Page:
No, You Are Not America

August 24th, 2009 - by Quincy

Unfortunately for the cause of liberty, many people have grown accustomed to judging whether government action is right by looking to its societal consequences. This method of judgment is so commonly accepted that many people would be surprised to learn that another method exists. People are used to consequence-driven decision-making; they are accustomed to making decisions by determining whether a particular course of action will produce the consequences they desire. In microeconomics this feature of human behavior is called “rational choice theory” or “rational action theory.” However, this consequence-driven method of judgment undermines individual liberty when it is used in government decision-making.

It is not offensive for an individual to choose his course of action by attempting to predict what will promote his personal values and goals. People commonly accept the idea that an individual is entitled to choose for himself how he wishes to spend his time and resources. And it is now almost a cultural heresy to tell someone else what his goals or values ought to be. Strangely, though, these principles are forgotten in the political arena. When individuals discuss government action they suddenly assume that they have the right to impose their values and goals on the rest of the nation. I call this the “I am America” mentality (no reference is intended to Steven Colbert’s book).

The “I am America” mentality expresses itself in policies that restrict the liberty of individuals who have not violated anyone’s rights for the supposed good of the community/nation/world. A few examples of such policies are government health care, public education, social security, financial regulations, and licensing laws. Proponents of these policies seek to excuse using force to redistribute wealth or restrict liberty by claiming that the harm to those whose wealth/liberty is taken is outweighed by the overall societal benefits that result. In other words, the “I am America” mentality adopts a variation on Spock’s line in The Wrath of Khan: “the needs of the many outweigh the [liberty] of the few. Or the one.” The theory of ethics that supports this moral philosophy is called Utilitarianism.

John Stuart Mill, the philosopher who named Utilitarianism, explained it as follows:

The creed which accepts as the foundation of morals Utility, or the Greatest Happiness Principle, holds that actions are right in proportion as they tend to promote happiness; wrong as they tend to produce the reverse of happiness. By happiness is intended pleasure and the absence of pain; by unhappiness, pain and the privation of pleasure.

John Stuart Mill, Utilitarianism 9-10 (4th ed. 1871). In other words, if an action promotes happiness or pleasure it is morally right. Notice that Utilitarianism looks to the consequences of an action (does it promote happiness or not) to determine its morality. This begs the question, consequences for whom? Whose happiness is the benchmark of morality for Utilitarianism? Mill goes on to explain, “that standard is not the agent’s own greatest happiness, but the greatest amount of happiness altogether.” Id. at 16. He elaborates further, “the happiness which forms the utilitarian standard of what is right in conduct is not the agent’s own happiness but that of all concerned. As between his own happiness and that of others, utilitarianism requires him to be as strictly impartial as a disinterested and benevolent spectator.” Id. at 24.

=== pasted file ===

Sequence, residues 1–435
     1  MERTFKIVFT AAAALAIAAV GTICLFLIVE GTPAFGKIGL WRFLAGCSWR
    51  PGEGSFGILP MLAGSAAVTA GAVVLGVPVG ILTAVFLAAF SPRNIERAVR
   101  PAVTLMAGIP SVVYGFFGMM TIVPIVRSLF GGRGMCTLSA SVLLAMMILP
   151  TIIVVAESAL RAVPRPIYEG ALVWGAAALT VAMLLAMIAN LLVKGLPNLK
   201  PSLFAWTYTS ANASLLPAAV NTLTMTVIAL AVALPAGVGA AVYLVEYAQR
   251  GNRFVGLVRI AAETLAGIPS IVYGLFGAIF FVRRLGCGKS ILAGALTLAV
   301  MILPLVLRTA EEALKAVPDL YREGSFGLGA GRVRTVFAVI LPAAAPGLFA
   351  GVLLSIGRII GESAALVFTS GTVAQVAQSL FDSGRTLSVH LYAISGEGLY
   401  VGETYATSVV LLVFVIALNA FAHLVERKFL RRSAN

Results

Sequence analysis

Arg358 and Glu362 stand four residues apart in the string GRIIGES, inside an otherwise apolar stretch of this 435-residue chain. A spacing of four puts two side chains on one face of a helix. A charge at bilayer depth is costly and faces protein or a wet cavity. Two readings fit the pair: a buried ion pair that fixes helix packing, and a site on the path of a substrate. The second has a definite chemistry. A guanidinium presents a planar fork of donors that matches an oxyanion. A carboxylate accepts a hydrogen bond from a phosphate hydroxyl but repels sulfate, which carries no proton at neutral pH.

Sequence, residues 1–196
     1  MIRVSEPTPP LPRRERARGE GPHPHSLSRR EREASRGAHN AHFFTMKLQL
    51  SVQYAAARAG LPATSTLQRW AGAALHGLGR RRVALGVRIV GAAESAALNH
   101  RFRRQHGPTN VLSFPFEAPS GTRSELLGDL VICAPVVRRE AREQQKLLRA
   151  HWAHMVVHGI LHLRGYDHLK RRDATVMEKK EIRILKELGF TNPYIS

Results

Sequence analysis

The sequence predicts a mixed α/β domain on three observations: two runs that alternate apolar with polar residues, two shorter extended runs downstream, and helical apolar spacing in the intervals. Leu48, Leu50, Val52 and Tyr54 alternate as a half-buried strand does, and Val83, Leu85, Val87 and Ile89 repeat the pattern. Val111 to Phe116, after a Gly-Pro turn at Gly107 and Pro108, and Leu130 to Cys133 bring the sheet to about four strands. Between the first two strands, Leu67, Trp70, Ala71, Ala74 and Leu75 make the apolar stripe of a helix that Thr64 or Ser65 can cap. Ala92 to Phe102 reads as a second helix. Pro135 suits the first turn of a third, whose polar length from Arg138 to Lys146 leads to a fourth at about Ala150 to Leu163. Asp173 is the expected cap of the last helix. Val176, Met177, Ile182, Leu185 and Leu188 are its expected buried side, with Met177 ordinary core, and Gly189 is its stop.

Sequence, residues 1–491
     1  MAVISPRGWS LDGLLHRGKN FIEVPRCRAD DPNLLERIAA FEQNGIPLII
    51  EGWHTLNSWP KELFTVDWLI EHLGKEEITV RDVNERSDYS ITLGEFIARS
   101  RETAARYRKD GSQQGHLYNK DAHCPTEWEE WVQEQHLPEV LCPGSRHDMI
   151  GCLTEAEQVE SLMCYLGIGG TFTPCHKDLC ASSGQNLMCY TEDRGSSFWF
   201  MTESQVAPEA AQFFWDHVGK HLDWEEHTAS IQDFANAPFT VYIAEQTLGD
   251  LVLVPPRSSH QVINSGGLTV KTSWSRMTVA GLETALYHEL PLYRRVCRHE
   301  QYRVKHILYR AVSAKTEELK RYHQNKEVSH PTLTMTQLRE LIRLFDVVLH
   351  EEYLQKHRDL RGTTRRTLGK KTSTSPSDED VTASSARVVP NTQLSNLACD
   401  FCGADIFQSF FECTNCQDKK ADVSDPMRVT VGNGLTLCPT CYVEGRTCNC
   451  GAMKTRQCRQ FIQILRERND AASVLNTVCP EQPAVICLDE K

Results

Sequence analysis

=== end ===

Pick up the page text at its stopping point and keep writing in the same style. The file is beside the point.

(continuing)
I have no objection to Utilitarianism as a system of ethics for individual action, but its application as a tool for determining government action threatens individual liberty. It is this misuse of Utilitarianism—as a tool for determining government action—that I call the “I am America” mentality. Here is why. Those who espouse Utilitarianism in government decision-making audaciously presume to enforce their conception of what is good and what brings happiness on everyone else. The thought process goes something like this. “I think that it is good for children to receive an education, so it is alright to force everyone to pay for it.” Or, “I think it is good to provide care for the elderly and the poor, so it is alright to force everyone to pay for it.” Or, “I think is good to regulate risk in the financial industry, so it is alright to force financiers to adopt a level of risk that I think is reasonable.” Of course when pitched over the politician’s pulpit the “I think” is left off, giving the statement the sound of an indisputable truth (e.g. “It is good to regulate the financial industry”), but the “I think” should always be impliedly appended.

There are two glaring problems with the “I am America” mentality: foreseeability and responsibility.

The “I am America” mentality in government is only possible to the extent that the consequences of a particular government policy are foreseeable. Like the primitive kings, politicians gather around themselves wizards and prognosticators (modernly called by the less interesting titles of economist and expert) to foretell the outcome of various courses of action. At least this is what the honest ones do. More frequently, politicians surround themselves with yes-men and public relations specialists. That way they can avoid any objective challenge to their personal goals and values and focus on foisting their ideology on the voters. But even the honest policy advocate—voter or political leader—is engaging in a dangerous business when seeking to predict whether a government policy will produce “the greatest amount of happiness altogether.” The success of government Utilitarianism is especially dubious in light of the fact that many of the details necessary to predict what will bring an individual happiness are known only to that individual. This alone is a compelling reason why decisions should be left in the hands of individuals.